First the setting. As a background to the credits, we see the inside of a steel mill. The images present the danger, hard work and environmental unpleasantness in a way that resembles Martin Ritt's scenes of textile mill work in NORMA RAE. But this is not NORMA RAE. TWICE IN A LIFETIME's hero, Harry McKenzie (Gene Hackman), a 50-year-old millhand, leaves work as the credits end, and that's the last we see of the mill. The rest of the film centers exclusively on home and leisure settings, kitchens, living rooms, bars, restaurants, stores, and beauty salons.

In all these places, both the film's images and the narrative as a whole represent the quality of working class life not in terms of substantive issues but merely through props: white bread, bottled salad dressing and catsup on the table, and LET'S MAKE A DEAL on the tube. Even while Harry's laid-off son-in-law is financially strapped, he expresses most concern about family "happiness."

The film has a simple plot. Harry and his wife Kate (Burstyn)'s old-fashioned life is now painfully stale. She lives for the kids and house and gets her kicks from TV and from the gossip and laughs at her job doing shampoos at a local beauty shop. He hangs out with the guys at the bar. There he unexpectedly falls for a waitress named Audrey (Ann-Margaret) who is sexy, fun-loving and the widow of a man who had "put her on a pedestal." After much groaning and gnashing of teeth, Harry goes to live with Audrey. Kate gets her hair colored, starts getting out on her own — bingo, adult education and a trip to a male strip show. The kids adjust, although the youngest daughter leaves college to marry and live with Mom and the older daughter's husband never does find adequate work.

This film goes to an extreme in avoiding economic realities. In one sequence, meant to show how each partner is managing, the film intercuts images both of Harry and Audrey, and then of Kate and her daughters, on supposedly jolly shopping sprees. Here Kate finds a pair of $15.95 earrings extravagant and daring — she's never done a thing for herself, you see — while Harry and Audrey price watches in the four-figure range. In fact, the film depicts the substance of Harry's new life and that of Kate as anything but "meaningful." The film never gets beyond consumerism and sex as life goals.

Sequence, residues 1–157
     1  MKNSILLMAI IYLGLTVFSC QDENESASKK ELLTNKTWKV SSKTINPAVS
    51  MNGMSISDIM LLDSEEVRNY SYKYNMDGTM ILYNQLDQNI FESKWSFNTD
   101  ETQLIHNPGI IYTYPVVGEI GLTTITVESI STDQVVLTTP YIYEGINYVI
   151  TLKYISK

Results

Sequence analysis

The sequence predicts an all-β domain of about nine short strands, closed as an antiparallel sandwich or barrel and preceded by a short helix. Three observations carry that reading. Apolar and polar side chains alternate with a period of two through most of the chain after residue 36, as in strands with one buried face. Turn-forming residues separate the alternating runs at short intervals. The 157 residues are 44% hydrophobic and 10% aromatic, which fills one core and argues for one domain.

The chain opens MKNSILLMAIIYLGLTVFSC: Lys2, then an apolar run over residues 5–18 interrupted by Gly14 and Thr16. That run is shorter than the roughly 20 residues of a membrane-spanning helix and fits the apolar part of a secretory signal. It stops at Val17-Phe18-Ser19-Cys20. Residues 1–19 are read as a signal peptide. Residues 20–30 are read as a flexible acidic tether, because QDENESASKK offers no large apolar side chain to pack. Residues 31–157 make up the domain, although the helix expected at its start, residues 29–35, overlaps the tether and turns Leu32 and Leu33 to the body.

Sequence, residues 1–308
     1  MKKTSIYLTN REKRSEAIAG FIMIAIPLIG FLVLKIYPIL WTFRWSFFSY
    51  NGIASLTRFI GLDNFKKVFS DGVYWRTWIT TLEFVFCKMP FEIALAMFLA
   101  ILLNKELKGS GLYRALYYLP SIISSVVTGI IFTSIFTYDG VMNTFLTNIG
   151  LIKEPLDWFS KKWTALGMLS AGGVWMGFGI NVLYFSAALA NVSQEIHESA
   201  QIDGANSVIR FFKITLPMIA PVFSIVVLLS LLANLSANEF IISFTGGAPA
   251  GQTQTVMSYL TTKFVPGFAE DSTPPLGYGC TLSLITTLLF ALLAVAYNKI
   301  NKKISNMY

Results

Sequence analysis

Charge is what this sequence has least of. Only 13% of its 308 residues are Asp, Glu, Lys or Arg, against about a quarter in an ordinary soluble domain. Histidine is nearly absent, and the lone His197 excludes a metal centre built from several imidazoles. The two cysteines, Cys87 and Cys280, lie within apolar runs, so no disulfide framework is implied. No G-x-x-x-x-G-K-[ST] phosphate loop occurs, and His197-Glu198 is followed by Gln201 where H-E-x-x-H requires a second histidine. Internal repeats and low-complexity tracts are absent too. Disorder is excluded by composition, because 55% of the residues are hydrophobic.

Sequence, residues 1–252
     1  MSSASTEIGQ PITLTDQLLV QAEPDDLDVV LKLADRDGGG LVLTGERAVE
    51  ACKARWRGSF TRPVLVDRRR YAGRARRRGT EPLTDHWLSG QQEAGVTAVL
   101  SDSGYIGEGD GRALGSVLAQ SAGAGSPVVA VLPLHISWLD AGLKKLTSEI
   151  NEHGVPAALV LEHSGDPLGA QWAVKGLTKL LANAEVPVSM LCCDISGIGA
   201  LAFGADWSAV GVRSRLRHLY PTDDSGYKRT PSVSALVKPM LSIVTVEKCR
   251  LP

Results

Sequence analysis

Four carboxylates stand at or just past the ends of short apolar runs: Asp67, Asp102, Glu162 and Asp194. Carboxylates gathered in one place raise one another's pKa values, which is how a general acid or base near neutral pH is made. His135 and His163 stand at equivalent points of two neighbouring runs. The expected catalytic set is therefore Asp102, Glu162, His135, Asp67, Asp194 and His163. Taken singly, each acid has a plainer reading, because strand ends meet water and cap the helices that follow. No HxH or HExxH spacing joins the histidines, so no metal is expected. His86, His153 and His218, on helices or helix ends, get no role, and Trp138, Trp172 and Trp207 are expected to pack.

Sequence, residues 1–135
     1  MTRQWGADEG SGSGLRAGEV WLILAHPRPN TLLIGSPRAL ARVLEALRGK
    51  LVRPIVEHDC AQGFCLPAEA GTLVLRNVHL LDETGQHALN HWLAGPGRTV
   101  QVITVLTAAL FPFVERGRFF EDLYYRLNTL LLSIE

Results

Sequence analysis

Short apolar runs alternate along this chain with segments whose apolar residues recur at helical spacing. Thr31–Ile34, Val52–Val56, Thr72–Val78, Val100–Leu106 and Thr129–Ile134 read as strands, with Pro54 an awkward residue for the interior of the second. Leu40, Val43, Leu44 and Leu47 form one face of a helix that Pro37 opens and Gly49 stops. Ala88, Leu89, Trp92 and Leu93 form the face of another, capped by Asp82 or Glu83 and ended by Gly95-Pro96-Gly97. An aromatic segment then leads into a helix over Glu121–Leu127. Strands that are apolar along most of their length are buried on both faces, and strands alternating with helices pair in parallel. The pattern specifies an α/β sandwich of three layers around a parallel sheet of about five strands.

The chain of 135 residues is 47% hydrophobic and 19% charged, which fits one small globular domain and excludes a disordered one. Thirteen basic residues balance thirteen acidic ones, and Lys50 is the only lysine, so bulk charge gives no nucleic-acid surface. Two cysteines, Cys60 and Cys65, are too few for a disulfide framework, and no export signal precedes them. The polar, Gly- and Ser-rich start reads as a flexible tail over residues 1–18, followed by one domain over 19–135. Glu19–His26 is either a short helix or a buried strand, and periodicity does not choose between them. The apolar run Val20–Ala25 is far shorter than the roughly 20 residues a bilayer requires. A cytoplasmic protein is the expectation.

In fact, sex, fun and pretty things are certainly important. I am not one of those leftists who scorns the appeal of consumerism but have great empathy, not contempt, for those for whom it is a major life value. I find this theme particularly significant in TWICE IN A LIFETIME because the film clearly conveys the message that the old way of family life has changed. That way was one of sacrificing for the children, saving and scrimping economically, and losing touch with each other sexually and emotionally because of the sexual division of labor that these values required. And here is the biggest contradiction in the film. For it isn't the changing roles and demands of women or the economic crisis that are seen to have destroyed the LEAVE IT TO BEAVER life style. It is the new media-created image of the good life as eternal youthfulness, consumption and self-gratification.

This movie's plot shows Harry, Kate and Audrey as all ending up better off because each has chosen or been forced to stop living for others and start having fun. When Harry comes to see his younger daughter on the eve of her wedding, she allays his fears that she is acting hastily and is in danger of repeating her parents' mistakes. She says she and her fiancé "already know what it took you and Mom 30 years to learn." Yet this scene, and the whole narrative, avoids the question of how the newlyweds will keep the fun and games going while living with Kate and working at dead end jobs. In fact, they have little hope of improving their situation, especially given the economic crisis. Similarly, Harry's son, the only child to whole-heartedly support his dad's decision, lives in southern California and obviously is not a steelworker — although we never learn what he does.